This is how the entertainment industries fail. They fail to think with a different mindset. Everything is so locked up with profit margins and sales, they fail to see the many opportunities on offer to their creators. While the executive boards of the entertainment industries focus on profits in return they are exercising a poor duty of care to their creators, who are the ones that actually make money for them.

No one wakes up in the morning and thinks to themselves, “I want to hear some music from Universal artists” or “I want to watch a movie from Fox Studios” or “I want to read a book from Titan Books” or “I want to watch a TV show from HBO”.

We wake up with the mindset of “I want to hear Lynch Mob” or “I want to watch Star Wars” or “I want to read “Darth Bane: Path To Destruction” or “I want to watch “Game Of Thrones”.

In Australia, there has been outrage about how HBO signed an exclusive only deal with our only PAY TV provider FOXTEL for “Game Of Thrones”. Basically, if an Australia resident doesn’t have the stupid and expensive PAY TV contract in place, they cannot watch “Game of Thrones”.

So of course, Australians download it. Illegally.

However if you dig deep into HBO’s exclusive rights deal with FOXTEL, you will see that HBO really doesn’t care about “Game Of Thrones” being locked up behind a paywall. The reason why HBO doesn’t care is that they make a shit load on the DVD/BluRay sales in Australia. The profit margins from a DVD and a BluRay sale are exactly what HBO wants.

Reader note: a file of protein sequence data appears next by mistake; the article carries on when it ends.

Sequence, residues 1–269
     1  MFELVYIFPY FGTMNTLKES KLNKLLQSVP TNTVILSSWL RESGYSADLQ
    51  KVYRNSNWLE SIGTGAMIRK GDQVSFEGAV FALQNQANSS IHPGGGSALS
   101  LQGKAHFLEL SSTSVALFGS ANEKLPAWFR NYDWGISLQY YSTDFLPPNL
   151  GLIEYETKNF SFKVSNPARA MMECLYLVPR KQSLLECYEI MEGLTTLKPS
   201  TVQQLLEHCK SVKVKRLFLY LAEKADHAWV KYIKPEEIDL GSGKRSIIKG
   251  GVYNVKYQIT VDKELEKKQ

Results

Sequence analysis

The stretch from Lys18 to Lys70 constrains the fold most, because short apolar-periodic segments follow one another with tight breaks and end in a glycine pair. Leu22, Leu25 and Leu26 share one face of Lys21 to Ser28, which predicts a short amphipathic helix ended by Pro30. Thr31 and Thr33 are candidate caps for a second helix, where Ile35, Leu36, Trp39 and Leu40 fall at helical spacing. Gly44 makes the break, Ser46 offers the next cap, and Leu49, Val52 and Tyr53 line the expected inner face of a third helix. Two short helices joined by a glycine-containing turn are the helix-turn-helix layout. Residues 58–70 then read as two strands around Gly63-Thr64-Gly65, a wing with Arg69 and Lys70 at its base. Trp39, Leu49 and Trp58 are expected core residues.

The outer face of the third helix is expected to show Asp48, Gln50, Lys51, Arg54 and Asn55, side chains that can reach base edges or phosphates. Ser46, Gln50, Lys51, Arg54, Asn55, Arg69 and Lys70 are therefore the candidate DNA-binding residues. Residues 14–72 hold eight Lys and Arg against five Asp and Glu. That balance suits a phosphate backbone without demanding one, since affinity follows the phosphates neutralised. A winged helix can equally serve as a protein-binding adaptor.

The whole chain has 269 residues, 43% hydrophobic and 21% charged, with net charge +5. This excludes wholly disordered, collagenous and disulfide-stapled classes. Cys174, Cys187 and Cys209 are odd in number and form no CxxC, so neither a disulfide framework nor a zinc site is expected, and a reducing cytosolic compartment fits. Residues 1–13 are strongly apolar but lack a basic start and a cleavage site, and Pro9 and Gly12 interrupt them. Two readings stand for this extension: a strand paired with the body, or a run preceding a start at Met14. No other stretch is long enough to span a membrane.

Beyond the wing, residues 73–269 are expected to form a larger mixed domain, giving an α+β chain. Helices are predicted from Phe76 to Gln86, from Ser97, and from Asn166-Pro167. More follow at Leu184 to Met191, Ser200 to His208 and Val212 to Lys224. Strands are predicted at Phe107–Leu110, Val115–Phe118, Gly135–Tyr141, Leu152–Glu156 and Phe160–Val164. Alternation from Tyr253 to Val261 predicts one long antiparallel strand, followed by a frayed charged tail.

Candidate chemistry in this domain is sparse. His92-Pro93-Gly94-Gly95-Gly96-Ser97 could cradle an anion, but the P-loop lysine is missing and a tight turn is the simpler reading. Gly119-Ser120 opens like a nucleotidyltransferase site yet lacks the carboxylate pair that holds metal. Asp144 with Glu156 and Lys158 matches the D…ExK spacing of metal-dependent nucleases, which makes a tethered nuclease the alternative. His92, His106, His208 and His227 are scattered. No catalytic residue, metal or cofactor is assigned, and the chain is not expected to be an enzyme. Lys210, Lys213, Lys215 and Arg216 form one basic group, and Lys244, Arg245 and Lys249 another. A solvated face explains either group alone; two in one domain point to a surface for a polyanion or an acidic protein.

So while the entertainment business are trying to teach the consumers that piracy is bad, the technologists (like BitTorrent) are innovating even further and are providing creators even more options to distribute their product and connect with fans.

As David Braden stated; “It (piracy) can also help you reach new territories.” and “It can lead to an increase in sales.”

And that is what HBO is very aware of. They have seen the results, especially in Australia. PIRACY of “Game of Thrones” has led to huge sales of the DVD/Blu-ray releases of each series.

Finally, while the recording industry screams piracy, one of their own executives is accused of using major label money to fund an extravagant lifestyle. While the recording industry ignores innovative ideas like “BitTorrent Bundles”, the ones that do embrace them are seeing their products reach millions of users. For the record the most downloaded torrent for 2013, was a legal one.